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Multisensory phonemic awareness practice for dyslexic English Language Learners

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MSL-ELL, IDA 08, Seattle. 1. Multisensory phonemic awareness ... What type of ... transfers from L1 to L2(Frith, et al., 2007; Goswami, 2002) ... – PowerPoint PPT presentation

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Title: Multisensory phonemic awareness practice for dyslexic English Language Learners


1
Multisensory phonemic awareness practice for
dyslexic English Language Learners
  • Presenters
  • Elke Schneider (Ph.D.)
  • Ellen Richardson (MA)
  • Tsila Evers (Ph.D.)

2
Outline
  • Background on English Language Learners (ELLs)
  • Who are ELLs?
  • Why focus on ELLs?
  • How do ELLs learn English?
  • What type of instruction do ELLs need?
  • Principles of Multisensory Structured Language
    MSL) instruction
  • Strategies

3
Background on English Language Learners (ELLs)
  • Who are English language learners?
  • Students for whom English is not the native or
    first language.Includes
  • first generation (child immigrated),
  • 1.5 generation (child of immigrants born in US)
    generation and
  • second generation immigrants (grandparents
    immigrated)

4
Why focus on ELLs?
  • Fastest growing school population between 100
    and 700 in last 10 years (Hood, 2003 Kindler,
    2002 Whelan, Morales-Jones, Yaya, Zainuddin,
    2006).
  • Every 9th student is a non-native speaker in
    2025, it is every 4th student (Klingner, Hoover,
    Baca, 2008)

5
Why focus on ELLs?
  • ELLs are falsely represented in SPED due to
  • inappropriate and biased testing that does not
    take culture differences into consideration
    (Friend, 2006 Klingner, Hoover, Baca, 2008) and
  • unprepared administration teachers (Klingner,
    Hoover, Baca, 2008)

6
L2 learning facts
  • How do ELLs learn English?
  • Learning L1 (first language) is different from
    learning L2 (additional language) gt requires
    explicit instruction (Klingner, Hoover, Baca,
    2008)
  • ELLs success in influenced by culture shock,
    immigration story, use of home language,
    expectations at home, value of education
    (Klingner, Hoover, Baca, 2008)
  • Learning goes through stages. Errors are a
    natural, necessary byproduct of going through
    interlanguage phases (Selinker, 1979), not a
    sign of disability.

7
L2 learning facts
  • L2 learners use what they know in L1 in L2
    cross-linguistic transfer gt allowing both
    languages in class is a benefit (Koda, 2007)
  • Phonemic awareness transfers from L1 to L2(Frith,
    et al., 2007 Goswami, 2002)
  • The more ELLs know about their L1 the sooner they
    will succeed in English (L2) because of language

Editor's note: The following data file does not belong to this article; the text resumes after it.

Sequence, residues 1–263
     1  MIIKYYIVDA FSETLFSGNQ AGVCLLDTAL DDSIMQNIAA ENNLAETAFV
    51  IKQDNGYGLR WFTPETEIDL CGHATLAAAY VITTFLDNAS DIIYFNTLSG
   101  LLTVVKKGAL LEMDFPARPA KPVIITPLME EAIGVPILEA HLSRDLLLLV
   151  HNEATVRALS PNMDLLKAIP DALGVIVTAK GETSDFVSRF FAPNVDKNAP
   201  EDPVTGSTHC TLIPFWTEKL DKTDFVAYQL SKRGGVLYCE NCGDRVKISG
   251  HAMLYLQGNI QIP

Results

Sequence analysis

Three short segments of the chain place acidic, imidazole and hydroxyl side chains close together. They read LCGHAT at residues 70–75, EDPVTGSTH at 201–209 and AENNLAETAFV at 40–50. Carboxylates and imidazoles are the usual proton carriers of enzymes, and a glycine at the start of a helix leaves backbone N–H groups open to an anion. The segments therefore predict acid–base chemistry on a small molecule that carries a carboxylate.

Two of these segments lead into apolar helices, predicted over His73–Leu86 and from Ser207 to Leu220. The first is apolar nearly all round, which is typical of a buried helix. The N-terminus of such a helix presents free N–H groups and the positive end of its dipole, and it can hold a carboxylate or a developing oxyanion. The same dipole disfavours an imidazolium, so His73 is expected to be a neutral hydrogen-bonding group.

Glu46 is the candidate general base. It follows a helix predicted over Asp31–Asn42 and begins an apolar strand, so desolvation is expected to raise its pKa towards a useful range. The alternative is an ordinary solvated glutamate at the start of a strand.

transfer (Cummins, 1979)
  • It takes ELLs 2-5 years to acquire native-speaker
    proficiency in oral, social language. (Cummins,
    1979)

8
L2 learning facts
  • It takes ELLs 7-9 years to acquire academic
    proficiency (read, write, speak, comprehend
    content area specifics) (Cummins, 1979).
  • CRUX In many states, national standardized
    testing routines require ELLs to take high stakes
    tests after year 1 NCLB requires it after year 3
    (Whelan, Morales-Jones, Yaya, Zainuddin, 2006).

9
MSL instruction for ELLs
  • Research supports the use of Multisensory
    Structured Language instruction with ELLs from
    within the ELL field without referring to it
    these terms (Mathes, 2007 Vaugh, et al., 2006)
  • Positive effects of MSL instruction in one
    language transfer to another (Sparks, et al.,
    1998)
  • Next follow essential principles that unite best
    practices and assessment procedures for ELLs.

10
MSL instruction for ELLs
  • ELLs need
  • explicit instruction of language patterns to
    succeed in a timely fashion traditional L2
    language instruction does not foster that
    (August Shanahan, 2006, 2007)
  • carefully sequenced instruction that moves from
    less to more complex in smallest increments
    (-gtdifferentiated instruction) (August
    Shanahan, 2006, 2007)

11
MSL instruction for ELLs
  • ELLS need instruction that is
  • Metacognitive Show ELLs how and why letter-sound
    patterns are pronounced and spelled the way they
    are so they can learn to self-correct
  • Multisensory visual, auditory,
    kinesthetic-tactile learning makes content
    comprehensible for ELLs. Support oral language
    simultaneously with gestures, pictures, use of
    concrete items, role play, flow charts and other
    graphic organizers. Students see-say-do what
    they need to comprehend. (Reiss, 2000)

12
MSL instruction for ELLs
  • ELLS need instruction that is
  • Repetitive Provide ample repetition in oral and
    written use of language patterns to reach
    automaticity because they are mapping any content
    taught comparatively in L1 and L2 (Koda, 2007) -gt
    see MSL activities
  • Diagnostic-prescriptive Use dynamic assessment
    to identify during and after instruction where
    and why students struggle with a letter-sound
    concept and respond appropriately and immediately
  • Use check sheets (see samples) Documentation for
    RTI
  • Other observation charts
  • Direct interaction with student during learning
    (prompting questions)
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